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Drugs

Want a Career in Weed? Enroll at Cannabis University

As Florida gears up for a state-wide medical marijuana referendum this November, one motivated businessman hopes to cash in on the Sunshine State's green avalanche by founding a school for growers—before weed is even legal.

by James Baines
21 February 2014, 3:34pm

Photo by Jake Lewis

Florida, as you'll probably know from the cannibalistic drug casualties and mother-daughter porn duos, is a lot of things. One thing it's not, however, is a US state where you can buy weed from a licensed dispensary rather than from a teenager's drawstring backpack.

But that could all be set to change. As the state's gubernatorial race heats up, medical marijuana has become a key issue, and in ten months Floridians will be asked to vote on a proposed constitutional amendment permitting the prescription of medical marijuana. The amendment needs 60 percent of the vote to be passed, and considering public support is lingering somewhere around the 80-percent mark, it looks pretty likely that it's going to happen.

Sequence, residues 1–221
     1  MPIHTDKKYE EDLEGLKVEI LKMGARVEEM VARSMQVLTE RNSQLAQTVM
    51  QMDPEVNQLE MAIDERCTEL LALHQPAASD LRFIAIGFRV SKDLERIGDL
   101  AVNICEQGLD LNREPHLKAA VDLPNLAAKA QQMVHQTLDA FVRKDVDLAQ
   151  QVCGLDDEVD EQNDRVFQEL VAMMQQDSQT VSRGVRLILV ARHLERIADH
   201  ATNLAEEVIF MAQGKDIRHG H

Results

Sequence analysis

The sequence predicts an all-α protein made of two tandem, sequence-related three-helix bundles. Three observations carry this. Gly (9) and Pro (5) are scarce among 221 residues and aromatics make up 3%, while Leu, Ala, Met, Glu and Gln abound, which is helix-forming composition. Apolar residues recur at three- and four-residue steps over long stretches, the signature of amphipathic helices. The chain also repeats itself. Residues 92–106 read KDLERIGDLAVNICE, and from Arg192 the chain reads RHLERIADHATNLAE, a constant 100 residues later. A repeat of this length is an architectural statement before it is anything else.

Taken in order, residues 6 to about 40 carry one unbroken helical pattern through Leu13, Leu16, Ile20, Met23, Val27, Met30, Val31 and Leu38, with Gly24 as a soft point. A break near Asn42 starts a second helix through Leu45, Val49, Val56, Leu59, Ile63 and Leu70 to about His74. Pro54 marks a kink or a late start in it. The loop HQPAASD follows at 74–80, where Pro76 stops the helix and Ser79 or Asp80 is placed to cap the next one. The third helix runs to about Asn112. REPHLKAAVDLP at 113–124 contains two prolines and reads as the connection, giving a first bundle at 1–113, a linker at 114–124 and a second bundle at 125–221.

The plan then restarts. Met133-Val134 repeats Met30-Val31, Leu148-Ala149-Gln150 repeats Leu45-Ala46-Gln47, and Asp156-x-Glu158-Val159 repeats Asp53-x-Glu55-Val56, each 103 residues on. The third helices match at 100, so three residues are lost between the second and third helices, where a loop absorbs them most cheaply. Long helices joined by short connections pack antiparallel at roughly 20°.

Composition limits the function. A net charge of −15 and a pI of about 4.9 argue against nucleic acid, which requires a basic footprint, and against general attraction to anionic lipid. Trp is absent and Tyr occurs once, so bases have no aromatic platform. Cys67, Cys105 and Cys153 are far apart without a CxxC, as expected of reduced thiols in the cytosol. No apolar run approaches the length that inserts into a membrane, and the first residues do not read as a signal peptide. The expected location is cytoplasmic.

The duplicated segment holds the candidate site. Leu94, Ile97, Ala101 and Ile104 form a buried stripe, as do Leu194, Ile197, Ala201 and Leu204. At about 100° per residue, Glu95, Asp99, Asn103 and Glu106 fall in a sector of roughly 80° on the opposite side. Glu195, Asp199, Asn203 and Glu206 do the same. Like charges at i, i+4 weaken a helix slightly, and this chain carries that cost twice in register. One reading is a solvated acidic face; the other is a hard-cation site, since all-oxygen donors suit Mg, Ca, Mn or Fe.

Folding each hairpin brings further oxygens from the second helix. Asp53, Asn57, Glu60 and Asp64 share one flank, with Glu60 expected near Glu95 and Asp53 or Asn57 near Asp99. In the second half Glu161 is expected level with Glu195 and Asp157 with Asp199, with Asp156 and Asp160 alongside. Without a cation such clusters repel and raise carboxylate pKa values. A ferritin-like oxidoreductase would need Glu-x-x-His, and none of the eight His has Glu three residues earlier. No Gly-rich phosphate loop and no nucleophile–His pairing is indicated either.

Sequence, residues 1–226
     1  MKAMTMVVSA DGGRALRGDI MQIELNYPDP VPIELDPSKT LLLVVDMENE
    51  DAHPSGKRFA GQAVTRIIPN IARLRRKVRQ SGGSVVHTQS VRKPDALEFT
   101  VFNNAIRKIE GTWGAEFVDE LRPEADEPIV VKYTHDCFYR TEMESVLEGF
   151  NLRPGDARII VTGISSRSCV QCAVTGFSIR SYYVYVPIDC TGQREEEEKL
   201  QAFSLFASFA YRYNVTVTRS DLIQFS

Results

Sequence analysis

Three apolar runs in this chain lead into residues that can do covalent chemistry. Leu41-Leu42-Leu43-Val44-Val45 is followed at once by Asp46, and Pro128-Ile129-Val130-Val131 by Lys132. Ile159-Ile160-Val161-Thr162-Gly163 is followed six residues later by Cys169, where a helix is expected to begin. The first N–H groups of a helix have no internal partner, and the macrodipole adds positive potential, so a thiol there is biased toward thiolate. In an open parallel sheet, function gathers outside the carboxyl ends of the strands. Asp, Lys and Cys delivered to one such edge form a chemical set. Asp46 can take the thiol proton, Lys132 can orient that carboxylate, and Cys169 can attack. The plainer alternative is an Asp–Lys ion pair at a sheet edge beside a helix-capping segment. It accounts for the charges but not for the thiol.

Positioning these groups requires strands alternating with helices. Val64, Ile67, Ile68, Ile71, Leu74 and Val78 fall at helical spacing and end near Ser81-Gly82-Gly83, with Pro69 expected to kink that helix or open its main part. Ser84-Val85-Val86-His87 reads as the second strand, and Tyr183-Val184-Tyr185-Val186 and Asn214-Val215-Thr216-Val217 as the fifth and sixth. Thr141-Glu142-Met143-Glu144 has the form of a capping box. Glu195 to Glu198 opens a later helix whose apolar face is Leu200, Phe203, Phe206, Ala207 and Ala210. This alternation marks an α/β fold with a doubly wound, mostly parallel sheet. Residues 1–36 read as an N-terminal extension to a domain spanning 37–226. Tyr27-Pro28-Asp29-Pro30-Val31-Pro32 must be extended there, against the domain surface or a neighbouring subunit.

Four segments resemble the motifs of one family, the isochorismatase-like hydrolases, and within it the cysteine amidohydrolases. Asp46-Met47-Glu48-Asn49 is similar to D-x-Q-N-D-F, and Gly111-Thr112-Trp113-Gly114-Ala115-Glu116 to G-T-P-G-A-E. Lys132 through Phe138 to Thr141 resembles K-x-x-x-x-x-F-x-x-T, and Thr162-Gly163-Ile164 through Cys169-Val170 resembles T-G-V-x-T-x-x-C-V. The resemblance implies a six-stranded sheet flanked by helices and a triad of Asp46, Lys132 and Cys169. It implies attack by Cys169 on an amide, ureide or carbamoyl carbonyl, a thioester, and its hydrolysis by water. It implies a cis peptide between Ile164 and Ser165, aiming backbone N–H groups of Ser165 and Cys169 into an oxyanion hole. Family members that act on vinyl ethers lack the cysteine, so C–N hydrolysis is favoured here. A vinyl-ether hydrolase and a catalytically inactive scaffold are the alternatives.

Anticipating the arrival of a new green economy, Jeremy Bufford is setting up Florida's first cannabis university—Medical Marijuana Tampa—to help anyone hoping to enter the weed industry gain the requisite skills. I gave Jeremy a call to find out what exactly he'll be teaching his students.   

VICE: What made you start a cannabis university?
Jeremy Bufford: Well, honestly, it was a way for us to be a first mover in the space, because we won’t be able to actually operate our treatment centers and our laboratory facility until mid-to-late 2015. We have the opportunity from now until then to operate under our business name to go ahead and brand ourselves as the trusted place to get your education around medical cannabis. Hopefully we’ll be able to parlé that into a brand image where people will see us as the trusted place to get their medicine [when] we’re able to operate our treatment centers.

What’s the syllabus going to be?
So the syllabus is available for download on the website. We basically teach about the plant from a historical perspective, from a legal perspective, from a botanical perspective, and from a pharmacological perspective—what it will actually mean to the patients and the caregivers who are going to be involved with it. Realistically, the vast majority of students taking our classes perceive it as job training. They want to pick up new skills in a new industry so they can provide a fair life for themselves and their families. We teach them about the career opportunities that they could experience, both independently and as a member of our company—as an employee of our company.

So you'll teach medical marijuana classes while also selling medical marijuana?